Labour’s Emergency Housing Plan

Yesterday Andrew announced the first of three housing policies, on emergency housing. It addresses a topical issue but it’s difficult for an opposition party to deal with an emergency when they are still over a year away from an election.

The housing situation may or may not have changed substantially once the next coalition gets into power, and there’s no guarantee Labour will be a part of it.

As posted by on July 07, 2016:


There are 4,200 New Zealanders sleeping rough or in cars at any one time. Because of insufficient emergency housing, it takes the Government over 155 days on average to house a homeless person.

No New Zealander should be homeless. We’re a better country than that.


Labour will take serious action to end homelessness by investing an additional $60m over four years in new emergency housing places so that families living in cars or on the street will have a roof over their heads.

Labour believes in a housing first approach, and that ideally individuals and families should be housed in stable and permanent accommodation in the first instance. Right now, there’s a housing crisis. We need immediate accommodation options while we get on with the job of building more homes.

NGOs acquire emergency housing by building or buying accommodation. The $15m a year of additional funding will provide 1,400 new beds – an increase from 800 at present to 2,200.

That is enough places to help an additional 5,100 people per year.

Typically, people are homeless for a period of a few months – there is a considerable flow of people in and out of homelessness. This new supply of emergency housing will be enough, over time, to support the homeless population into permanent housing. Labour’s commitments to build more state and affordable housing will mean more permanent housing is available for them.

Unlike the Government’s recent announcement, which only funds existing emergency housing, this policy will increase the number of beds available through community providers.

Labour will work with NGOs to help homeless people stay housed and access the services they need.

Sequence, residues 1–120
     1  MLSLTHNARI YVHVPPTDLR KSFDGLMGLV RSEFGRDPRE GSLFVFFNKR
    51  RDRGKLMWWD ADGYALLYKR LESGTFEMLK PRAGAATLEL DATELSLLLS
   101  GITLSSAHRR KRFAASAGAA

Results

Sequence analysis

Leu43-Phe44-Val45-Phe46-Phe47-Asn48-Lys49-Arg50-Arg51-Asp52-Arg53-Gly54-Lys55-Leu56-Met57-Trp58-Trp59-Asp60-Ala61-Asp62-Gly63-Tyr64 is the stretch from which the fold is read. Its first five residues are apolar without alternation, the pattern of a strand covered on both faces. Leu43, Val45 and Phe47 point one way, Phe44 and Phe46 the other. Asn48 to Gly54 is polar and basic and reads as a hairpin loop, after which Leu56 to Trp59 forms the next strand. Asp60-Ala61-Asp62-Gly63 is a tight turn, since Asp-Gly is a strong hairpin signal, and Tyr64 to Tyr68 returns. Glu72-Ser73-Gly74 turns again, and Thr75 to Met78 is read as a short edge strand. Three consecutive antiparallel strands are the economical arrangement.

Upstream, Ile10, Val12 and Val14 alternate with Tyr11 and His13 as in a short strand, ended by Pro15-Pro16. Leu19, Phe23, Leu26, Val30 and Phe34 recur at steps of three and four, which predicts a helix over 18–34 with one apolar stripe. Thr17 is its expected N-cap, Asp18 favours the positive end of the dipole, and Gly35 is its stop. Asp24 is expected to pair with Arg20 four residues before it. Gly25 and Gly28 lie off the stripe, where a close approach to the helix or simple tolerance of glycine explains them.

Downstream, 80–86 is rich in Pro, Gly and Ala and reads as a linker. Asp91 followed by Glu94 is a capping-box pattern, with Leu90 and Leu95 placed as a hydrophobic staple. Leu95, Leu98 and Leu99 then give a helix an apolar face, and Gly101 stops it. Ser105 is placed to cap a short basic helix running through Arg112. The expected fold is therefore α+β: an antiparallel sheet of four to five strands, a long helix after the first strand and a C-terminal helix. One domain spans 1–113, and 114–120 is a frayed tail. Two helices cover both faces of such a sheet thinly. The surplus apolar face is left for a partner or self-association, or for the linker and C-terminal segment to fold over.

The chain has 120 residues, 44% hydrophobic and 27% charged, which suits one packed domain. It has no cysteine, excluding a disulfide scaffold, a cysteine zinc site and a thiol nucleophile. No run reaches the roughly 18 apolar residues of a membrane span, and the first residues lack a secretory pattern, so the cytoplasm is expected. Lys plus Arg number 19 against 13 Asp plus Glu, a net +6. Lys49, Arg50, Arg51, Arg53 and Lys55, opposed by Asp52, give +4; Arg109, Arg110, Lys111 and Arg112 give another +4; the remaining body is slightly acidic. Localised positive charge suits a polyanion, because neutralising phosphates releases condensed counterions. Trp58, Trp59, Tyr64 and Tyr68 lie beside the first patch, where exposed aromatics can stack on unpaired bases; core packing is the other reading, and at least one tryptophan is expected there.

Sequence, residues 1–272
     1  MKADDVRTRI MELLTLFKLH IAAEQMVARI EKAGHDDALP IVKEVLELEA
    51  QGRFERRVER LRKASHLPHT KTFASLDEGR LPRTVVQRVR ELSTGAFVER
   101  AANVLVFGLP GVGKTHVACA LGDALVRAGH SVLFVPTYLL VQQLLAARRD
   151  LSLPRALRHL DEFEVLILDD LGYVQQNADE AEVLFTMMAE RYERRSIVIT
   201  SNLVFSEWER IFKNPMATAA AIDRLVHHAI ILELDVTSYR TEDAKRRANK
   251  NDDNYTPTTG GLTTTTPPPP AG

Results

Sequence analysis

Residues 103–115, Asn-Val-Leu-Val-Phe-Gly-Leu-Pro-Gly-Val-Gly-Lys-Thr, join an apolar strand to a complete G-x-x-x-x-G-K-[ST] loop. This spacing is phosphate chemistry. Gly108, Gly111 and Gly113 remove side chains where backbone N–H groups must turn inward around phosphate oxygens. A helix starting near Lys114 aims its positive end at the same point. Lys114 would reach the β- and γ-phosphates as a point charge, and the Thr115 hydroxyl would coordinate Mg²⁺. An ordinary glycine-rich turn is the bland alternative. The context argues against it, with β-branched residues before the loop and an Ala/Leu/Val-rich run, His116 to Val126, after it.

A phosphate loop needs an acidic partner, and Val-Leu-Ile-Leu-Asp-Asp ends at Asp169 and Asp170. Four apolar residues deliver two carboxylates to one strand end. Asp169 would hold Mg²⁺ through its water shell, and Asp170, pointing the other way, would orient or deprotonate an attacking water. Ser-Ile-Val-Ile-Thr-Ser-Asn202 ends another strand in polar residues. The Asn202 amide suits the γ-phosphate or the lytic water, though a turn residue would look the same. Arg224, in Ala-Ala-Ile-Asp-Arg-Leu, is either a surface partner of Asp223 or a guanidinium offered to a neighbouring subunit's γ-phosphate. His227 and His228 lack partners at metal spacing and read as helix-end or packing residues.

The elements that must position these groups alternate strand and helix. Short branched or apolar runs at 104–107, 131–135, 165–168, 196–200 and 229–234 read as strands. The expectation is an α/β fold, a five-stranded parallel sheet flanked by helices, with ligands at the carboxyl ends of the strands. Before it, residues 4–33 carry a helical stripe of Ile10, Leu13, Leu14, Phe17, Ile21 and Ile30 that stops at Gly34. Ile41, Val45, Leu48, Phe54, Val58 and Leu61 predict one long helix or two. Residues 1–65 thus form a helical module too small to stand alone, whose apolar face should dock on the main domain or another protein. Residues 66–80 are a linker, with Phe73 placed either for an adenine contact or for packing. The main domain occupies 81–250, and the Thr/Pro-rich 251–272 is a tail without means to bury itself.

The Government must support the work of emergency housing providers by making sure essential wraparound services such as addiction, mental health and budgeting are made available.

This emergency housing policy is part of Labour’s comprehensive housing plan, which includes: 

  • Building more state houses and maintaining them properly, rather than selling them off.
  • Requiring all rentals to be warm, dry, and healthy to live in.
  • Building thousands of affordable homes for first home buyers.
Leave a comment


  1. Oddly there is no post on this at The Standard yesterday and only very brief comment.

    Andrew Little has fallen into the same trap as Bennett by referring to the need to increase the number of “beds” for the homeless. How patronising is that? Guess it’s to be expected though, from the party for the workers – meaning those with jobs, that is.

    That was posted by Chris yesterday afternoon and I can’t see anything since.

  2. Blazer

     /  8th July 2016

    the voters couldn’t care less about this policy.It is a worthwhile one all the same.

    • Gezza

       /  8th July 2016


      • Kitty Catkin

         /  8th July 2016

        It’s a badly thought out one. What if the houses are built and then not needed ? Why should the country’s taxpayers pay even more tax to enable Aucklanders to buy cheap houses ? What about the druggies and such people who may well not even WANT a house ? Or who would have no idea how to look after one ?

  3. Brown

     /  8th July 2016

    As usual there is nothing about requiring desperate people to not trash or contaminate houses supplied to them.

    • Kitty Catkin

       /  8th July 2016

      Tut, tut, don’t be so unPC ! Don’t raise awkward questions !

  4. unitedtribes2

     /  8th July 2016

    “The $15m a year of additional funding will provide 1,400 new beds ”

    1400 beds with 5 beds to a house would make 280 houses for $15m costs each house at $53714.
    I must be missing something, help.

    • Like National some of their numbers are deceptive on emergency housing.

      The average stay in emergency housing is 3 months, therefore they multiple numbers of beds by four to say how many they have provided for in a year.

      • unitedtribes2

         /  8th July 2016

        So we now need 70 houses = $214,000 each house ! I searched all of NZ on trade me and found 2. I think Im still missing something.

  5. PDB

     /  8th July 2016

    Labour – a problem – throw more money at it – problem not fixed – repeat……


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